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Childhood in Rostock, on the Baltic Coast, as seen through the Lens of the Enlightenment and Rationalist Medical Science (1807)

This vivid picture of health conditions and material life among the common people of Rostock reflects close observation and a strong commitment to social progress. Yet the author, A.F. Nolde, could not escape the grip of his age’s preoccupation, among the educated classes, with the dangers – physical, sexual, and psychic – of wet-nursing. This concern reflected preconceived notions about the moral imperfections of the culture of the poor.

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Medical-Anthropological Observations about Rostock and its Inhabitants (1807)

A. F. Nolde

[ . . . ]

The fact that, after subtracting twin births, the number of persons who have died in childbirth is 1 to 78 1/7, and with respect to the total of all deaths about 1 to 64, is indeed crushing. The reason for this can be found nowhere else than in the neglected or wrong treatment of the women in labor or in childbed. [ . . . ]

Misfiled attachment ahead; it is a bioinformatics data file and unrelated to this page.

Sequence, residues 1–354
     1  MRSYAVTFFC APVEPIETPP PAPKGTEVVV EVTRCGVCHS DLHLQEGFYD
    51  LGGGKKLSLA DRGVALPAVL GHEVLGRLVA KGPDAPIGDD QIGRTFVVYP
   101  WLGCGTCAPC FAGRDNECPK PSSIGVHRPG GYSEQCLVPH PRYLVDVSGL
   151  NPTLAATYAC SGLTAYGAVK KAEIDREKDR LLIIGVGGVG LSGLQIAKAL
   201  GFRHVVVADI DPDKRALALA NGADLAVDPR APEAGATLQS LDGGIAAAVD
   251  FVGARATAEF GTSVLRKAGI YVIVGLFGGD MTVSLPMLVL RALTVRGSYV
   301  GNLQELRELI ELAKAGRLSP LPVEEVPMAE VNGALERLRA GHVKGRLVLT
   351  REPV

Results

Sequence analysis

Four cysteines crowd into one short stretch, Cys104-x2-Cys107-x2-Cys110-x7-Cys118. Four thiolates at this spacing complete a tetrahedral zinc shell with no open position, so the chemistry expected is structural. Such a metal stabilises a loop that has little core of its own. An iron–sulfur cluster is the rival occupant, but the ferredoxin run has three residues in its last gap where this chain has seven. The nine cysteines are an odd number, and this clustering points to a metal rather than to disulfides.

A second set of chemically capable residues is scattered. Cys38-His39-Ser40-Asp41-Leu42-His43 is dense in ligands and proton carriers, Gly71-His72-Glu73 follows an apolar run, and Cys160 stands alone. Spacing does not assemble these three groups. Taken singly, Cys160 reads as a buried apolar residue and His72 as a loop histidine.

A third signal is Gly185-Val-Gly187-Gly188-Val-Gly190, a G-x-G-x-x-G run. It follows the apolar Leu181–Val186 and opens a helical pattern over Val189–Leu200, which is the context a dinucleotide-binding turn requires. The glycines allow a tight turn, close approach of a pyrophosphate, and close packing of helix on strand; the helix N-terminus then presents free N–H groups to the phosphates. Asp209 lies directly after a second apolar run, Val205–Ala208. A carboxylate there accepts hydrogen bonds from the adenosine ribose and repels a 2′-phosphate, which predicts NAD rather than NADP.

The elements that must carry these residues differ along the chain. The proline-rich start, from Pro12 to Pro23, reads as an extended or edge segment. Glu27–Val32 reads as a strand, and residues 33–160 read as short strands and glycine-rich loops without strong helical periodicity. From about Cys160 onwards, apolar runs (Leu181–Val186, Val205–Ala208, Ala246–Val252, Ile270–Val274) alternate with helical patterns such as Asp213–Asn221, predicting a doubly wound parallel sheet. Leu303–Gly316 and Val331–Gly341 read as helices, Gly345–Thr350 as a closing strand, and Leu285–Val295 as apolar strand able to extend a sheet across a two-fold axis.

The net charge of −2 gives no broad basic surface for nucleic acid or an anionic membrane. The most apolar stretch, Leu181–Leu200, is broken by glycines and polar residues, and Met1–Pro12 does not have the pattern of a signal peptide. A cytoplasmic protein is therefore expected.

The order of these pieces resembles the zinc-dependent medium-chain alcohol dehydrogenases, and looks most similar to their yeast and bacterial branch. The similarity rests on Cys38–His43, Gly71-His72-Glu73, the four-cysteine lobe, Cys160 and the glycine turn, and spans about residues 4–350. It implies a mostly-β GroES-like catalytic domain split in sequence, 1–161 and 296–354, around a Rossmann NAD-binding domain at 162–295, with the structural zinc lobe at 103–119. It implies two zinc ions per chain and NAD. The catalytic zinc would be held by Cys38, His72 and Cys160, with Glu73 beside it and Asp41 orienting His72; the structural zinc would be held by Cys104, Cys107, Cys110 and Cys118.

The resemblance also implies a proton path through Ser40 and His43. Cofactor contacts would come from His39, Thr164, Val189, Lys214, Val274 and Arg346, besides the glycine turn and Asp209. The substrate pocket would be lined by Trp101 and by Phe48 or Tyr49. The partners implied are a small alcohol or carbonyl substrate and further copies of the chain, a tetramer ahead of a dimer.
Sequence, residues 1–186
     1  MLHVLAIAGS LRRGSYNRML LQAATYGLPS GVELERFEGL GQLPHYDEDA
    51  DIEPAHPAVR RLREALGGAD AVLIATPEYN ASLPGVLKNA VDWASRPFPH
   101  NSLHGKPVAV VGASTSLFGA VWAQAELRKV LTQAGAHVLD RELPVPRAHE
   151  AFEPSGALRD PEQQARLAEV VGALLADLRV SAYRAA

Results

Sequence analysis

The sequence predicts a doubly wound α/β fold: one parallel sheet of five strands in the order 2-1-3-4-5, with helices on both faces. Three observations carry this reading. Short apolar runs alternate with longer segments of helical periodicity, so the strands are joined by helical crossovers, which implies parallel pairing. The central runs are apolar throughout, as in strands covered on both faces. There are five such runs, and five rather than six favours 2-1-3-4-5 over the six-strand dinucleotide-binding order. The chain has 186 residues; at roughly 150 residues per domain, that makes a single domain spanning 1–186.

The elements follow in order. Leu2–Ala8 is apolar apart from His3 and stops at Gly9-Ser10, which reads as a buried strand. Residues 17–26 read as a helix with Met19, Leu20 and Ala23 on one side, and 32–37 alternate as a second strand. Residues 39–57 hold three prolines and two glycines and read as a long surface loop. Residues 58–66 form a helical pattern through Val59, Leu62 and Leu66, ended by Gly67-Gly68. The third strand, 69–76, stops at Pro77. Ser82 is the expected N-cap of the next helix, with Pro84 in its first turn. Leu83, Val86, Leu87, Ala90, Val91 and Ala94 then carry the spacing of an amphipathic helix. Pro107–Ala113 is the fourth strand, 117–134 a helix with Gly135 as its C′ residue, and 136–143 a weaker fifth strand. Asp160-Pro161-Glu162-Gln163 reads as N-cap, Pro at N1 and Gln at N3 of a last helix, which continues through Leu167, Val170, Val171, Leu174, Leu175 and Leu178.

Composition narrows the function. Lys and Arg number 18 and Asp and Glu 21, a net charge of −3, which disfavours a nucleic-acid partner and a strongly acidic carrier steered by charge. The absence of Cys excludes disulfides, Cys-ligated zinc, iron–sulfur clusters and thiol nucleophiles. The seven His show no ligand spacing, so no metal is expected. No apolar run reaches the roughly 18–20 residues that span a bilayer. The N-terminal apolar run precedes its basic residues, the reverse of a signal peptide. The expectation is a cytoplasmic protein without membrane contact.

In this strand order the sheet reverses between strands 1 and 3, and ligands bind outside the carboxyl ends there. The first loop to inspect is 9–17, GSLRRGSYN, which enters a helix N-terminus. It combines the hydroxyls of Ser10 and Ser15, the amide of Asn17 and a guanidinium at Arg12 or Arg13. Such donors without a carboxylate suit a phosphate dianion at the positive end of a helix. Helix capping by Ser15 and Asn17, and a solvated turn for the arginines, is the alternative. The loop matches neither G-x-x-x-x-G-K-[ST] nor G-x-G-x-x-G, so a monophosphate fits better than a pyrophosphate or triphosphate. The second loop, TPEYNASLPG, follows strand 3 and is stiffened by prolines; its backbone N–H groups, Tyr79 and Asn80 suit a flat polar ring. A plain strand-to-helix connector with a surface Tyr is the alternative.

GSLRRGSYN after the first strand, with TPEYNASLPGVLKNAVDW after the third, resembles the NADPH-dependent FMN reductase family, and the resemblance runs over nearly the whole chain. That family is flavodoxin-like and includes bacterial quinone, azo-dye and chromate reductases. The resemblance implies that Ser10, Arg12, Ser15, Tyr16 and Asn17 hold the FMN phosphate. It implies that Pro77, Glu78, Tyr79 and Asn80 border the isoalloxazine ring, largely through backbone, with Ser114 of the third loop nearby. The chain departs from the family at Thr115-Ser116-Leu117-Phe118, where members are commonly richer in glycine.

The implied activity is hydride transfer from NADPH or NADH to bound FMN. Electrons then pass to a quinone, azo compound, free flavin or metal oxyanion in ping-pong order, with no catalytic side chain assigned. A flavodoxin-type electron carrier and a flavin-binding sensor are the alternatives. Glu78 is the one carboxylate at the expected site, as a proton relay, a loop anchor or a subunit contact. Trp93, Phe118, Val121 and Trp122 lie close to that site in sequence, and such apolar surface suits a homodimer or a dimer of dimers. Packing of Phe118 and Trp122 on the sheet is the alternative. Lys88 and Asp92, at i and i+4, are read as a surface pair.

Before turning to another matter, I would like to add quite a few things about the physical constitution of the children, [ . . . ] In this context, I distinguish quite consciously the children born into a lawful marriage from the illegitimate ones. Indisputably, in the physical constitution of the latter and in their treatment lies the reason for the great mortality among them, and it is certainly significant enough to have an adverse effect overall. I believe to be able to assume without reservations that barely one fourth of them reach the end of the initial childhood years. The mothers impregnated out of wedlock are mostly from the lower classes. These usually seek services as wet nurses in order to avoid losing any livelihood altogether: for their lovers either do not give them enough to enable them to live on it with their child, or they probably outright desert the poor woman, whom they have assured marriage or given other promises. Thus, the mother accommodates her child with other people, putting it, as the phrase goes here, either ‘on the breast’ or ‘on the spoon.’ In the former case, the substitute mother breastfeeds her own child at the same time, and naturally she nurses the other child only once her own is already satisfied. [ . . . ] If, however, such a child is put only on the spoon, it will only receive the food just mentioned [potatoes as well as flour and water porridge]. [ . . . ] Added to this is, in most cases, a high degree of filth and uncleanliness that spoils everything completely. [ . . . ] Most of the time, they get bloated bellies with constipation or foul smelling and exhausting diarrheas; they waste away to skeletons in their faces, on their arms and legs; they scream and whimper incessantly, so you would have to be made of stone not to feel moved deeply by such a pitiful and miserable sight. [ . . . ] However, indifferent mothers like these do not see such a thing; otherwise they would impossibly prefer comfort and amusement over the sweet mother’s duty to nurse her own children.

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